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The Challenge: Building

Member for

21 years 2 months

A rather extensive question for those who might have the time/interest/inclination (of course I understand this seems too involved--I realize many here have more experince than I):

I would like to set up a home studio in an apartment for the purpose of creating high quality demos of songs based around acoustic guitar and voice, also incorporating bass, drums, keys, strings on many of the songs, which will typically also involve 3-4 part vocal harmonies.

My knowledge is perhaps a step above basic. I've been recording for many years, as an avocation, with little knowledge however of equipment. I began in the era of multitrack cassette, and my recording deck is a Yamaha MTX-8 8 track cassette, which I am willing to replace with a digital if it will give me better recording quality/flexibility. However, I have little knowledge of the advantages/use of digital recording. I use an old 1980s Roland drum machine.
I know of MIDI but do not know/understand as yet how to incorporate it in recording (I have a vague suspicion that shifting to computer-based recording would expand flexibility and precision, but do not know as yet how to create a rudimentary set up, etc.).

That having been said:

What would any of you regard as basic components that would constitute a home studio for high quality demos of the type described above? I suspect there are many choices, so, if inclined, please feel free to offer any opinions on particular components re:

Recorder--digital or analog
Vocal and instrument mics
Effects to sonically manipulate/ punch up vocal and guitar
Drum sounds

I am budgeting between 3-5000 for the entire set up.

I recognize that I may have excluded many basic components necessary to get high quality sound here, and would welcome any additions that the more experienced would regard as necessary or useful.

Any descriptions of such a basic setup in terms of the items needed, and particular models woul would recommend, as well as compatibilities of each component with the rest, would be high appreciated.

For those who regard this questions as possibly too much in one bite, or redundant, my apologies.

Very Best,

Alan Lipman


Member for

19 years 7 months

sdevino Tue, 03/11/2003 - 03:00
You will need the $3-5k just for sound proofing for the neighbors won't you???

Well, assuming you have solved that problem my first choice would be, to practice like crazy then go to a real studio and record 3-5 songs on real gear with a real engineer. Anything short of this on your budget, with your engineering background is likely to be very dissappointing.

Next choice:
$1000 for monitors (the #1 most important part of your recording chain) I am tempted to suggest $3000, because this is what I think it takes, but you will be able to mix for $1000.

2 great microphones: I would suggest 1 small diaphragm like an Earthworks TC30k and 1 multipattern large diaphragm mic like the Shure KSM44 (this mic is better than my TLM103, and U87 imo).

2 not as great microphones like the sm57.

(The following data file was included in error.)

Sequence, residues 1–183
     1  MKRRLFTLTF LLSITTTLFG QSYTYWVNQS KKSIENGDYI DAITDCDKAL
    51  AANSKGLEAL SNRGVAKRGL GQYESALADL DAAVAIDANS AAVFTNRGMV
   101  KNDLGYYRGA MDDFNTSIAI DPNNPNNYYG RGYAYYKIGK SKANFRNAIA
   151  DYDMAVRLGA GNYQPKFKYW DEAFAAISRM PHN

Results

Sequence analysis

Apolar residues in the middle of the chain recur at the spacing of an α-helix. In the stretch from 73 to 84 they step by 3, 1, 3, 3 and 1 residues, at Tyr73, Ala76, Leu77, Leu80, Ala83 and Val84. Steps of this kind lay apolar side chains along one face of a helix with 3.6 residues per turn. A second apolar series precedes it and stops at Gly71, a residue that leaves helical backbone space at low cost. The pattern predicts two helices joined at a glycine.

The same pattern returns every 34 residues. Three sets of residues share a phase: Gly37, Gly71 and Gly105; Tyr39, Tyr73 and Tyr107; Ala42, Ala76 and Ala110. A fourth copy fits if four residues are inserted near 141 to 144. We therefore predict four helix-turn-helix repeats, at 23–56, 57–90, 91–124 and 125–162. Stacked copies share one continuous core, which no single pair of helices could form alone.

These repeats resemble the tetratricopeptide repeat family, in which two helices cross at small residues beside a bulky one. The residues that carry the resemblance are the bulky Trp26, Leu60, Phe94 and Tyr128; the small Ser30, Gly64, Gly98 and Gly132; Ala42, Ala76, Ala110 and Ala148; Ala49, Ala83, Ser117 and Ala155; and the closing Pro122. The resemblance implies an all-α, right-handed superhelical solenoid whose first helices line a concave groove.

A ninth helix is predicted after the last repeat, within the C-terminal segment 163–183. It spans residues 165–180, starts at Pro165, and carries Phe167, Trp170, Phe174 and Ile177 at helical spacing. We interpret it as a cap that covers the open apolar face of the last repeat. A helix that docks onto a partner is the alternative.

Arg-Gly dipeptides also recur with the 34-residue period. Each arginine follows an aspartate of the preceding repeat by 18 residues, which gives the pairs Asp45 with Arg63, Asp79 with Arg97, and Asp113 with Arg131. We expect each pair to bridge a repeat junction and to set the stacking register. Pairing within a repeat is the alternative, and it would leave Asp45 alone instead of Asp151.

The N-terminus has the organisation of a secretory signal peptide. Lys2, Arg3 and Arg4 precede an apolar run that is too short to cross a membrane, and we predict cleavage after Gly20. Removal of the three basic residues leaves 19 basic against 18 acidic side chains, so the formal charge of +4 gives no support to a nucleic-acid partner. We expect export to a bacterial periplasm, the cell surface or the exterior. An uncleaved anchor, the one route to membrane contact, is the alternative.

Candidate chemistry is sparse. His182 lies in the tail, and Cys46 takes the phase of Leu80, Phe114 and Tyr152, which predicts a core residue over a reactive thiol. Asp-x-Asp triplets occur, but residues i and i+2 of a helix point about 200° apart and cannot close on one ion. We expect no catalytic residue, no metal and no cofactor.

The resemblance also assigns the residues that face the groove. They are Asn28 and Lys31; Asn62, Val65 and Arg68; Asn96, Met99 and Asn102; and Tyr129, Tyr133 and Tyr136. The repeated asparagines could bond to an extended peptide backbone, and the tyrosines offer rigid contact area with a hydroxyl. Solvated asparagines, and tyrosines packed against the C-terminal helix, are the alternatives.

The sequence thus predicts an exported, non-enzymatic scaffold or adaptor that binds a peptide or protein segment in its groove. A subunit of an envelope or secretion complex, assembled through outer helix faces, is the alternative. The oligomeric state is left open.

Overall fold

So you should have about $2500 left.
Buy an iMac and a digidesign MBox. This will give you excellent mic pres and up to 24 channels of recorded audio and playback/monitoring. ($2000)

A good pair of headphones with high isolation $200 (Senheisser HD280, sound OK, not great but give 30dB of isolation).

Then save up $1500 more and buy the best Waves bundle you can afford. You really want the Rennaisance Bundle and L2.

Then go take some lessons from someone Like Me!!! :)
Or better yet, make friends with someone with some technical skills to record for you.

You could make world class records with setup.

The next thing on my list would a soft synth or a used keyboard/synth.

Good Luck!


Member for

21 years 2 months

Pro Audio Guest Sat, 03/15/2003 - 00:26
This is a fairly common question, you should search the forums because you will find plenty of info. In fact, there is an entire forum just for beginners.
Steve has posted some solid recommendations. the Mbox will give you 2 channels of quality inputs plus the Pro Tools software. It doesn't sound like you need more than that. Spending some money on basic sound proofing will help tons. If you can build a rudimentary sound booth to record in that will help (there are actually prefab options from Auralex).
I would strongly suggest that you develop a relationship with a local studio. You should be able to find someone who can help you out for $25 bucks an hour. What I suggest is you get a computer/Mbox or integrated unit that you can use at home and also drag to a local studio. YOu could get your rhythm tracks (drum machine beats and bass, guitar if your are willing to DI instead of use a mic) set up at home, then record your acoustic guitars and vocals at a studio. Involving someone else will also give you important feedback, save you time, money, and energy.
If you decide to do scratch tracks at home, I wouldn't bother with an expensive condenser mic. It will pick up too much of the background noise. Studio Projects makes great mics at great prices, you also would do well with an sm57 as a dynamic mic. Doc